June 16 – November 29, 2015

In A Midsummer Night’s Dream, Shakespeare casts a theatrical spell powerful enough to make audiences of all ages believe in anything. This mischievous comedy of lovers, heroes, fairies, and rude mechanicals is his tribute to humankind’s power of imagination, and reveals that the “course of true love” can alter with just one touch of magic.

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Stuff that Happens
Stuff that happens during the play
  • Theseus, Duke of Athens, plans his marriage to Hippolyta, Queen of the Amazons.
  • Egeus interrupts to complain that his daughter Hermia has fallen in love with Lysander. Theseus orders Hermia to obey her father and marry Demetrius; otherwise, she will be killed or sent to a nunnery.
  • Hermia and Lysander plan to escape to the woods, get married, and live off money from Lysander’s rich aunt.
  • Hermia’s friend Helena, who loves Demetrius, reveals the plan to him. Demetrius chases Hermia and Lysander into the woods. Helena chases Demetrius into the woods.
  • In the woods, Oberon, the fairy king, and Titania, the fairy queen, quarrel over the possession of a changeling boy.
  • Oberon sends Puck to put a spell on Titania so that she will fall in love with the first creature she sees when she awakes.
  • Nick Bottom and his fellow workmen (“rude mechanicals”) come into the woods to rehearse a play for Theseus and Hippolyta’s wedding celebration.
  • Puck places an ass’s head upon Bottom. Titania wakes and promptly falls in love.
  • Oberon commands Puck to put a spell on Demetrius so that he falls in love with Helena; Puck, however, mistakes Lysander for Demetrius.
  • Confusions, corrections, coupling, and play-going ensue.
Notes from the Director

Like all plays, A Midsummer Night’s Dream is a trifle. Even the greatest production of King Lear is no more than an entertainment — a make- believe experience that evaporates with the final bow. It may move us to pity and awe, but it does not cure the sick nor shelter the poor nor feed the hungry. A Midsummer Night’s Dream weighs even less than a King Lear and is more obviously a trifle.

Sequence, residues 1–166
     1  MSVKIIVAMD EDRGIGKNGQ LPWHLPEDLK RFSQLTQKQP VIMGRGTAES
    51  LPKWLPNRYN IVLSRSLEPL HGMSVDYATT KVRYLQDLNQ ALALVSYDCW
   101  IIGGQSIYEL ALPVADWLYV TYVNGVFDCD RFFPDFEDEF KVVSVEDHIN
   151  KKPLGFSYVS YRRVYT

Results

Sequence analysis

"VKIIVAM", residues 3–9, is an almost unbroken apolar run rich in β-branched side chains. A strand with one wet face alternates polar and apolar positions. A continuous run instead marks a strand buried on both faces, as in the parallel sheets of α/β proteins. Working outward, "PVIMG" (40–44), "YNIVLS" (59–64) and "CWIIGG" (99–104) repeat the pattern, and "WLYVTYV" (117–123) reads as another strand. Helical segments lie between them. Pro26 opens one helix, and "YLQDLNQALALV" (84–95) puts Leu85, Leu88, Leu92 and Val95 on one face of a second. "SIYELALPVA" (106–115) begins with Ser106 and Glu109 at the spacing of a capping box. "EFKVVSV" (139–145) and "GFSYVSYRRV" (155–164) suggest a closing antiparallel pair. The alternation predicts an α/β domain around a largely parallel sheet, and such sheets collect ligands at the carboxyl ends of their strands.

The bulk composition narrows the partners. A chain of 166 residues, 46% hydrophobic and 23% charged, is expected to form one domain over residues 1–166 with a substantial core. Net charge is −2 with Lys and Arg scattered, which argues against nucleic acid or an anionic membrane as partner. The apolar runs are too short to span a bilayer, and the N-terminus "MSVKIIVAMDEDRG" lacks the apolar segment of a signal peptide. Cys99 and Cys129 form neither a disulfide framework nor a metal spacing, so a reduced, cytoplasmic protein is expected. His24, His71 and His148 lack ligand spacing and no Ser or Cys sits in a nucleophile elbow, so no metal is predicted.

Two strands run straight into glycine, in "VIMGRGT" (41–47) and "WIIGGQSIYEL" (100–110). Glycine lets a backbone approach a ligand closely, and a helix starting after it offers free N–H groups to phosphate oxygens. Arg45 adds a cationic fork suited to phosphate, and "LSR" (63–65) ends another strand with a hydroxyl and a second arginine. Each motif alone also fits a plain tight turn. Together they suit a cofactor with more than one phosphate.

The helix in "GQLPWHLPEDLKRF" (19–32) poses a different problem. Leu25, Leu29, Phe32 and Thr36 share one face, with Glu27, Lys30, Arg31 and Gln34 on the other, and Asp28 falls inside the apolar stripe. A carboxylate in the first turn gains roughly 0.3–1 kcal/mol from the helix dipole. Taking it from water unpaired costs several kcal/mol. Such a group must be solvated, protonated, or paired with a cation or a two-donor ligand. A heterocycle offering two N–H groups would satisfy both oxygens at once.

Dream is about Shakespeare’s own trivial pursuit of making plays. He puts a play within the play in other works, but Dream is the only one in which he puts the rehearsal of a play as well. At that rehearsal in the center of this play Shakespeare brings together the supernatural and the human worlds and engineers the most unlikely romantic encounter in the history of theatre.

Hamlet explains grandly that the purpose of plays is to hold a mirror up to nature. Stupid Hamlet. Tell that to audiences enchanted to senselessness as they watch Titania, the Queen of the Fairies, make love to an ass-headed amateur thespian named Bottom.

Plays do something other than — more and less than — mirror nature. They are the mysterious human endeavor where our imaginations strut our dreams for the delight of others. Sound and fury for an hour (or two) to be heard no more … until of course the next play, when some other group of actors driven by the oddest of human needs reimagines another dream for another audience assembled to exercise the joy of imagination.

That joy is the subject of this play, not because Theseus gives a memorable speech about imagination, but because the play continually engages your effortless superpower to imagine. Titania refuses to give Oberon the little changeling boy — a character that Shakespeare has us only imagine — because his mother was her human companion who would, as she explains,

… sail upon the land
To fetch me trifles, and return again
As from a voyage rich with merchandise…

Rich trifles. That’s what plays are. We can live without them, but we don’t want to. A Midsummer Night’s Dream is Shakespeare’s perfect trifle.


Director of Mission and Co-founder